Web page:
Los Angeles Superior Court media adviser Hayslett explores the ramifications of the much publicized 1995 O.J. Simpson murder trial in this unique account focused on Judge Lance Ito's role and the media circus inside and outside the courtroom. Ito had once been a rising star in the L.A. legal community and suffered more than other judges presiding over equally high profile trials, argues Hayslett. Though he continues to sit on the bench, Ito has never pursued appointment to a higher court. With excerpts and anecdotes from her personal journal, Hayslett details the difficulties of dealing with the media and the near-impossible task of sequestering a jury for nine months. Interestingly, only two of the original jurors remained at the end of the proceedings. Some may find it ironic that, by publishing yet another account of the highly publicized trial, Hayslett is doing exactly what she condemned in jury members and other trial participants. But insight that comes from her insider status is valuable and may leave readers wishing for her backstage access from the latest chapter in Simpson's ongoing legal battles. (Jan.)Copyright © Reed Business Information, a division of Reed Elsevier Inc. All rights reserved.
Anatomy of a Trial: Public Loss, Lessons Learned from the People vs. O.J. Simpsonby Jerrianne Hayslett
The People vs. O. J. Simpson ranks indisputably as the trial of the century. It featured a double murder, a celebrity defendant, a perjuring witness, and a glove that didn’t fit. The trial became a media circus of outrageous proportions that led the judge to sequester the jury, eject disruptive reporters, and fine the lawyers thousands of dollars. Now/i>
The People vs. O. J. Simpson ranks indisputably as the trial of the century. It featured a double murder, a celebrity defendant, a perjuring witness, and a glove that didn’t fit. The trial became a media circus of outrageous proportions that led the judge to sequester the jury, eject disruptive reporters, and fine the lawyers thousands of dollars. Now an insider at The People vs. O. J. Simpson reveals the untold story of the most widely followed trial in American history and the indelible impact it has had on the judiciary, the media, and the public.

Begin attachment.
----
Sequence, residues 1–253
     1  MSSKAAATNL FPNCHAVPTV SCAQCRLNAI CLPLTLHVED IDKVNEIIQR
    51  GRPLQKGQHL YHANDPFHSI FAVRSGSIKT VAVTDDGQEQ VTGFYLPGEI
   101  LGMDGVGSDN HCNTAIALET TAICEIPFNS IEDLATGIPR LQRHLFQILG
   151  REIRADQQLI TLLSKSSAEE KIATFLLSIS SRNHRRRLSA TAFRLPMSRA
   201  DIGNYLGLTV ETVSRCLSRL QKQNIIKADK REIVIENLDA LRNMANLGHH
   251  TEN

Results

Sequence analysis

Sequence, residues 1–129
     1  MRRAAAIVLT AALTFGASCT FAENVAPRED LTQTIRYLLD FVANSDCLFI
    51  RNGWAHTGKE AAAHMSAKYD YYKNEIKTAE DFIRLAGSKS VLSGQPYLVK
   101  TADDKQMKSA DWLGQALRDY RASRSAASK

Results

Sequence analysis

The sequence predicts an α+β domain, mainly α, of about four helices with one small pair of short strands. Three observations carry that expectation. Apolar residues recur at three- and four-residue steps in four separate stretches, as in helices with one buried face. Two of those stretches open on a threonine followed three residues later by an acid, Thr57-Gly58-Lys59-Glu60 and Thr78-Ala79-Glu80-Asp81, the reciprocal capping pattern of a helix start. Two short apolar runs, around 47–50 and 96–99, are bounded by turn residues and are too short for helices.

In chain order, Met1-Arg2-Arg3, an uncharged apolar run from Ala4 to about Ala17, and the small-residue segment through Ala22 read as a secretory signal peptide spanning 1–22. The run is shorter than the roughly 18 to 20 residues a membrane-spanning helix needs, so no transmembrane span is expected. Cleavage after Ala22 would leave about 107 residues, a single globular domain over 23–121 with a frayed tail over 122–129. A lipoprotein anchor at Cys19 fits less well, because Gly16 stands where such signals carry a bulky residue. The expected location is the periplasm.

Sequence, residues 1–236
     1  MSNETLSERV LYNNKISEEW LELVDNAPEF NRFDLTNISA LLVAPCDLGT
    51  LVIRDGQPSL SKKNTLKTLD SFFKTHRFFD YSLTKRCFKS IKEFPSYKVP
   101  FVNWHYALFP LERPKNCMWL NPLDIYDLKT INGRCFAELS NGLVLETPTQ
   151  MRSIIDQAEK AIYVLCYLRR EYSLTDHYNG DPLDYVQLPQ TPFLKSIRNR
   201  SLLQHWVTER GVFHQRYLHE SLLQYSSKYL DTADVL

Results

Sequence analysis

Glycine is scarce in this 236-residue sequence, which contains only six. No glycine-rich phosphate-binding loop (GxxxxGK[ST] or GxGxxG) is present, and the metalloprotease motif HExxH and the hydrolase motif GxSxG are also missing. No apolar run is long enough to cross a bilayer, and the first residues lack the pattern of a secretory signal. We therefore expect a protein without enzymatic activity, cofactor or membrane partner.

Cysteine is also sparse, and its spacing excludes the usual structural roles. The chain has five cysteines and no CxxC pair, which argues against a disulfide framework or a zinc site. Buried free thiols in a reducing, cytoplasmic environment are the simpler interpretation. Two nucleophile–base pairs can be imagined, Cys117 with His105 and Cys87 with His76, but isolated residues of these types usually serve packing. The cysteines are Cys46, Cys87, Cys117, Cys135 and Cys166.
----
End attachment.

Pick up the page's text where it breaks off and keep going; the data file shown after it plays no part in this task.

As the Los Angeles Superior Court’s media liaison, Jerrianne Hayslett had unprecedented access to the trial—and met with Judge Lance Ito daily—as she attempted, sometimes unsuccessfully, to mediate between the court and members of the media and to balance their interests. In Anatomy of a Trial, she takes readers behind the scenes to shed new light on people and proceedings and to show how the media and the trial participants changed the court-media landscape to the detriment of the public’s understanding of the judicial system.
For those who think they’ve already read all there is to know about the Simpson trial, this book is an eye-opener. Hayslett kept a detailed journal during the proceedings in which she recorded anecdotes and commentary. She also shares previously undisclosed information to expose some of the myths and stereotypes perpetuated by the trial, while affirming other stories that emerged during that time. By examining this trial after more than a decade, she shows how it has produced a bunker mentality in the judicial system, shaping media and public access to courts with lasting impact on such factors as cameras in the courtroom, jury selection, admonishments from the bench, and fair-trial/free-press tensions.
The first account of the trial written with Judge Ito’s cooperation, Anatomy of a Trial is a page-turning narrative and features photographs that capture both the drama of the courtroom and the excesses of the media. It also includes perspectives of legal and journalism authorities and offers a blueprint for how the courts and media can better meet their responsibilities to the public.